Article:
March 16, 2018
Great People Doing Great Things: Keeping Languages Alive Through Karaoke
If you were a teenage girl in 1997 you'd probably recognize the song "Everybody" by the Backstreet Boys. But if you heard it in the Salish language, would you still be able to sing along?
Keegan Heron can. He translated the song into Salish and performed it this week for the annual Salish Karaoke contest in Spokane, Wash. He's only been studying the indigenous language for about nine months.
"There's a lot of words that I didn't know two weeks ago," he says.
Heron teaches preschool on the Flathead Indian Reservation in Montana.
"I work with 4 and 5-year-olds," he says. "I'm trying to teach them Salish, and so I need to learn first before I can teach them."
By the end of his karaoke routine, Heron was confidently dancing his way across the front of the stage, waving his arms and shouting, "everybody dance!" in Salish to an audience of at least 500 people. (He won second place.)
In Other Places...
They call themselves the Yellow Bird Indian Dancers. More than a dozen members of the Duncan family, spanning three generations, participate in the family’s passion for hoop dancing. From Olympic stages to dirt circles, televised internationally and sometimes performing for an audience of just a handful, they have been spreading awareness of Native American culture and art for more than 25 years.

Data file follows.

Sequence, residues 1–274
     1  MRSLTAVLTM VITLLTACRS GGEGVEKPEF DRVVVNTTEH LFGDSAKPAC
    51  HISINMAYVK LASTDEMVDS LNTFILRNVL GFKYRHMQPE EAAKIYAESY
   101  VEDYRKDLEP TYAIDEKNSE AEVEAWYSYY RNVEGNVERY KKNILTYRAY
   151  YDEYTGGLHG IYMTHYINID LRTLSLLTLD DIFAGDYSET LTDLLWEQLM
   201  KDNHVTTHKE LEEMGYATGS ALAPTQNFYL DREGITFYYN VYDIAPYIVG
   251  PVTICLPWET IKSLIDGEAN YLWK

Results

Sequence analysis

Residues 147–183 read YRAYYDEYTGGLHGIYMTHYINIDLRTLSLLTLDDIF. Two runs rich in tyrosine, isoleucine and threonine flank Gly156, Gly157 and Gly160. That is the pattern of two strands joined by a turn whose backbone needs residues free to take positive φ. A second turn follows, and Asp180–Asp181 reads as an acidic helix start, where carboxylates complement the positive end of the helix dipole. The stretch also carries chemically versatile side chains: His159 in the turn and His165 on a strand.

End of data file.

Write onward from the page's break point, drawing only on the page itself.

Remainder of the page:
According to the Iroquois oral tradition, the game of snow snake dates back more than 500 years, to before the arrival of Europeans in North America. Originally a form of communication between villages, the throwing of "snow snakes" in a trough of snow or track developed into a competitive sport during long winters when the long track was not used for communication. The name "snow snake" is said to have come from the serpentine wiggling motion of the poles as they slide down the icy track.
A year and half ago, Gabe Stewart stood in tribal court pleading guilty to felony charges because he stole money from his family to support his opioid addiction. In January, his community honored him for overcoming addiction and watched as his case was dismissed entirely.
As Iditarod Changes, so Does its connection to Alaska Natives
Fewer than 10 mushers out of the 67 competing in this year’s Iditarod are Alaska Native.
Before the ceremonial start Saturday of the 2018 Iditarod, veteran musher Ketil Reitan of Kaktovik remarked on how fewer Inupiaq people are dog mushing nowadays.
“One of my main motivations is to pass along the traditions to my sons,” Reitan said. “It’s not that many young Inupiaq people that are dog mushing anymore; it’s hard to get into it, so to keep our team going and keep the traditions alive, that’s very meaningful. I think lots of people appreciate that we are trying to do that.”
In February, Reitan’s son, Vebjorn Aishanna Reitan, completed the Yukon Quest, a 1,000-mile sled dog race, but he’s not racing in this year’s Iditarod.
Yupik musher and longtime resident of Bethel, Pete Kaiser, figures it’s harder for some who live in smaller rural communities to afford the Iditarod.